A Time of Gathering: Mugwort Distillation

by Camellia Lee

It was a picture perfect blue sky afternoon in Woodstock, New York welcoming students for the first in-person event since before the pandemic with Jade Shutes. Women traveled from near and far: Pennsylvania, New Jersey, New York City, and Massachusetts. Students and graduates of the School for Aromatic Studies (plus a few friends!) met with eagerness and enthusiasm for the workshop with Jade on plant distillation. The plant featured was Mugwort, Artemisia vulgaris, considered a “weed” plant that grows wildly and abundantly in the Catskill mountains of New York.

About Mugwort

Artemisia vulgaris, a tall, upright, tenacious perennial plant grows beautiful feathery seven pointed pinnate leaves belonging to the Asteraceae family. Upon closer examination the leaf texture is soft in nature, the top side is a vibrant green while the underside, a silver iridescent hue. This hue is said to be reflective of the light of the moon and named after Artemis, Greek goddess of wild animals, the hunt, fertility, and childbirth.

Mugwort (Artemisia vulgaris)

Throughout many cultural wisdom traditions, mugwort is treasured for supporting the female reproductive system, as an emmenagogue to stimulate stagnancy in a woman’s period cycle as well as ease transition through menopause. Famed 16th century herbalist and astrologer, Nicholas Culpeper, associated mugwort with the planet Venus and therefore is considered a nourishing herb for women’s health and vitality. Psychospritually, it is our connection to the divine feminine.

In the traditional Chinese medicine system, mugwort is used in the practice of moxabustion. Mugwort leaves are dried and then lit over and on acupuncture points to circulate and strengthen blood and move energetic qi stagnation in the body. Mugwort facilitates energetic movement where there is limitation, restriction and stagnancy in the mind, body, and spirit.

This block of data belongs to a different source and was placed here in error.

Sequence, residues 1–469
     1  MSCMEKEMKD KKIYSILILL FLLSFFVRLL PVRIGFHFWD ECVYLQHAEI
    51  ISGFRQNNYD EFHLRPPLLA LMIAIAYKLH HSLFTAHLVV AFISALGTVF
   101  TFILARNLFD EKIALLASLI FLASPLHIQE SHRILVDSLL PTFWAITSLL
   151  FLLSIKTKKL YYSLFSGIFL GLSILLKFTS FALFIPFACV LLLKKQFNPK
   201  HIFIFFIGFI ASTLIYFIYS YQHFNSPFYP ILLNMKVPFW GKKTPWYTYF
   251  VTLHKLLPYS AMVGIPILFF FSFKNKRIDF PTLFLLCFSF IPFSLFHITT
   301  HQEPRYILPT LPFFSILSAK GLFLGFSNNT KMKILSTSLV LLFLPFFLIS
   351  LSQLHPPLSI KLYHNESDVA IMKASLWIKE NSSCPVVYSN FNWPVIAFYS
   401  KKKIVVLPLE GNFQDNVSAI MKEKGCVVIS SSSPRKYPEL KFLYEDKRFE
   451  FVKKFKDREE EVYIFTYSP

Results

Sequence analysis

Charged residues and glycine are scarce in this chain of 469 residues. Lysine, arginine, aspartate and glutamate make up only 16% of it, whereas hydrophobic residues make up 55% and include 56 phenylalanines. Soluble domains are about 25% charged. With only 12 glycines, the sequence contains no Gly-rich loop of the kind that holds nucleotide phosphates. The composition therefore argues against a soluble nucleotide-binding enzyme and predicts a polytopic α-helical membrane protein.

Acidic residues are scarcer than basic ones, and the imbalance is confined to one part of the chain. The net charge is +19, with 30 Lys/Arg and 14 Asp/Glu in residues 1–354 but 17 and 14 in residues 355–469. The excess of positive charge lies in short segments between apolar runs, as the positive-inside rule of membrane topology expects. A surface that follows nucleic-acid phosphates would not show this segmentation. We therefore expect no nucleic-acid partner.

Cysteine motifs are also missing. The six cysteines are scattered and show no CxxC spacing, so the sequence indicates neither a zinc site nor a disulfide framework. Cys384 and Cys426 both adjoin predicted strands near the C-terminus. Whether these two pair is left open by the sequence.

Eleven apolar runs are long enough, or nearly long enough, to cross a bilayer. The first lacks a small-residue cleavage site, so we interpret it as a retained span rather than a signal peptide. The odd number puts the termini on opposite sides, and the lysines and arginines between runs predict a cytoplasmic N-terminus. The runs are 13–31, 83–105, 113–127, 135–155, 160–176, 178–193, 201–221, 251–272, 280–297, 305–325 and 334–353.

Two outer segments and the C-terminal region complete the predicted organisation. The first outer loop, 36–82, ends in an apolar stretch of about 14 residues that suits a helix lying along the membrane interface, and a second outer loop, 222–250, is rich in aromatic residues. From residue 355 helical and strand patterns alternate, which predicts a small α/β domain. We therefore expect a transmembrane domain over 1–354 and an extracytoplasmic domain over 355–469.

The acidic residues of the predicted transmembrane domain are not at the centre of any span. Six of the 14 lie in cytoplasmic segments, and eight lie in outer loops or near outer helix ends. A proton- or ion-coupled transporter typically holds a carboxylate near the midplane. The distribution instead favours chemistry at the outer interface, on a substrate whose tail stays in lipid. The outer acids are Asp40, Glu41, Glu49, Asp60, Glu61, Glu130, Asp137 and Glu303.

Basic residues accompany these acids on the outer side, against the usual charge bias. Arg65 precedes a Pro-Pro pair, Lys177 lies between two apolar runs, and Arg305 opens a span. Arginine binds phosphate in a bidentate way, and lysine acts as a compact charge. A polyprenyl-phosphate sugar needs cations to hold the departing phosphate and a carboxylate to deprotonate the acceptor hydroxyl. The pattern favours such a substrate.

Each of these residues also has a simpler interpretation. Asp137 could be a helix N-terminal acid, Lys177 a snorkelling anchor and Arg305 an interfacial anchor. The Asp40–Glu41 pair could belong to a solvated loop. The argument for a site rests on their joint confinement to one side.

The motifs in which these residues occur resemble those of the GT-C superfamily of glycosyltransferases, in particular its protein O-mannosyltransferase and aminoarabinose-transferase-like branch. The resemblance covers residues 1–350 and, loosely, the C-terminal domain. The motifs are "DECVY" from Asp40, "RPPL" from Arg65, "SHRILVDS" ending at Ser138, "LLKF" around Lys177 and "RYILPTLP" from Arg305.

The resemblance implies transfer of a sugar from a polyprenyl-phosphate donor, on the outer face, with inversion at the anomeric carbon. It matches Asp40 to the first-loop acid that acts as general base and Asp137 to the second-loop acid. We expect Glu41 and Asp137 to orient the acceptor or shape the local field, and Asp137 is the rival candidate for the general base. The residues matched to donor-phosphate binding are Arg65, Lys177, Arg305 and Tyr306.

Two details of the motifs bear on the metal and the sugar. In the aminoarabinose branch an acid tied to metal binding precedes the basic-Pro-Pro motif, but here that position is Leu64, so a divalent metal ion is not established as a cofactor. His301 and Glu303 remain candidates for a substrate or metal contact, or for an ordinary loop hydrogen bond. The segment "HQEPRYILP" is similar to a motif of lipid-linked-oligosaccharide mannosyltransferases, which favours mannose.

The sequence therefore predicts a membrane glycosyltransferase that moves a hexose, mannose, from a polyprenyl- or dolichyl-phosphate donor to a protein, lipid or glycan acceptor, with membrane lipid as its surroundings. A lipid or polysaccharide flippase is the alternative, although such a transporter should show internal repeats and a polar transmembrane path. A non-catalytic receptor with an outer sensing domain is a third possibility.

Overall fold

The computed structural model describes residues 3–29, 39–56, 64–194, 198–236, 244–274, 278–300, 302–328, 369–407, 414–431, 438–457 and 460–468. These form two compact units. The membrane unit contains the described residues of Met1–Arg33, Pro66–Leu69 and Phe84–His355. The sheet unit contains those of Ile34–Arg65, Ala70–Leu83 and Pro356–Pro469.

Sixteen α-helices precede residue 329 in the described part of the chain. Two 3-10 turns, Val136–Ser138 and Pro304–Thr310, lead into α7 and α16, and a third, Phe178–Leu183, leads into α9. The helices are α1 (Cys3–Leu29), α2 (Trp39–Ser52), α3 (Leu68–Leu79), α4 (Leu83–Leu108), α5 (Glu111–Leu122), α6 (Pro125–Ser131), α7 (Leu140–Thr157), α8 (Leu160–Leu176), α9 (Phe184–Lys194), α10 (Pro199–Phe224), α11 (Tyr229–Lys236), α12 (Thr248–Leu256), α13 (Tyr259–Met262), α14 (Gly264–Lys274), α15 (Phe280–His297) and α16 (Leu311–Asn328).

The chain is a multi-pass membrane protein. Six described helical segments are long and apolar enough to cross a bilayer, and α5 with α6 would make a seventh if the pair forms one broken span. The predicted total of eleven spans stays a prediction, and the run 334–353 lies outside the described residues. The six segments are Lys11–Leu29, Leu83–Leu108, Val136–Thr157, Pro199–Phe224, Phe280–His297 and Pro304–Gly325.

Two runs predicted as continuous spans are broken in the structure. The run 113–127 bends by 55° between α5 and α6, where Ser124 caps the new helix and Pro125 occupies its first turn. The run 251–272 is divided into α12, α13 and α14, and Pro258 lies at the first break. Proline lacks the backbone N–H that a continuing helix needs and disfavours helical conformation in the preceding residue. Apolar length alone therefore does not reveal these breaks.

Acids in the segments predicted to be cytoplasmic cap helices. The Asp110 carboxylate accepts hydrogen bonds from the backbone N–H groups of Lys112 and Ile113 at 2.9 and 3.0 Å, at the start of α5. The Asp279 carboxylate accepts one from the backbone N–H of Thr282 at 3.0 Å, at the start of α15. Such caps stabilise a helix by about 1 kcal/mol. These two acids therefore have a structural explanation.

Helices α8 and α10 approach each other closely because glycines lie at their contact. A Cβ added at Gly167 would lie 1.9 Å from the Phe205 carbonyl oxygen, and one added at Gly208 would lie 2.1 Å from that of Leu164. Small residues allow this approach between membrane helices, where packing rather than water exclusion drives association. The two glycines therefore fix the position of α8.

An herb of protection, it has been believed that St. John the Baptist used mugwort for protection by having it woven into a girdle around him when in the wilderness. Roman soldiers would place mugwort in their sandals before marching off to battle to increase stamina. Native American tribes accessed mugwort as a tool to ward off evil spirits. In pagan tradition and earth practices, considered as a witches’ (aka the herbalist, midwife) herb it is used to cleanse and clear the physical space as well as create the space for supporting greater access psychic attunement.

A feminine herb of versatility, Artemisia vulgaris, supports transition, and can serve as a gateway to actualization and moments of awakening. Mugwort energy seems to evoke harmony within the self and in the collective.

Mugwort is popularly known to enhance lucid dreaming. Mugwort is considered to be an oneirogen (from the Greek ὄνειρος óneiros meaning “dream” and gen “to create”, is that which produces or enhances dreamlike states of consciousness). You can make a ‘dream pillow’ from dried leaves or drink a cup of tea with mugwort a few hours before going to sleep. The tea of mugwort is quite bitter so try combining with lemon balm or nettles to make more palatable.

Distilling Mugwort

Led by Jade, the group participated in removing mugwort leaves off the stem and into the alembic copper still. Through guided contemplation, the alchemical process of distillation began, inviting the question, “What is it that you wish to dream into being?” Mugwort invites us to conjure, to imagine, to craft, to cultivate, to dream. Indeed, distillation facilitates this transformation, through fire, air, water, earth (hot, cold, wet, dry), and saturnian time. This process of patience delivers a valuable stream of aromatic water known as hydrosol.

The olfactory profile of sweet, herbaceous, melon, warm honey tones emerged from the still as the group reflected upon their scent experience, evoking memories, as well as newly discovered feelings and sensations. For some it’s in the pineal gland or third eye located between the eyebrows, for others it’s in the solar plexus. Each person’s somatic experience is different and appropriate for what they may need to connect with in the moment.

Making a Mugwort Wand

The workshop concluded with the ritual practice of a plant wand with mugwort. Honoring the native american tradition– the ritual of smudging is a practice to cleanse and purify both mind, body, and space with dried plant herbs wrapped in a bundle and smoked into the air.

On this day with Mugwort, the “wish dreamt into being” was the manifestation of our group of beautiful, wise women, rooted in connection, solidarity, and community.

Creating mugwort wand

Ritual practice steps for creating a mugwort wand:

  • Gather 5 – 7 stems of mugwort, cutting stems down to first leaves
  • Bunch together and fold in half
  • With twine or string, begin at the bottom, make a base knot and begin to wrap up and down the wand to hold plant material together
  • Finish with twine at the base and tie a knot
  • Infuse with intention: What do you wish to dream into being?
  • Allow to dry through completely by placing on a screen or hanging upside down
  • Once dried, the mugwort wand is ready for use
  • Use the wand during the new or full moon to bring in ‘dreams’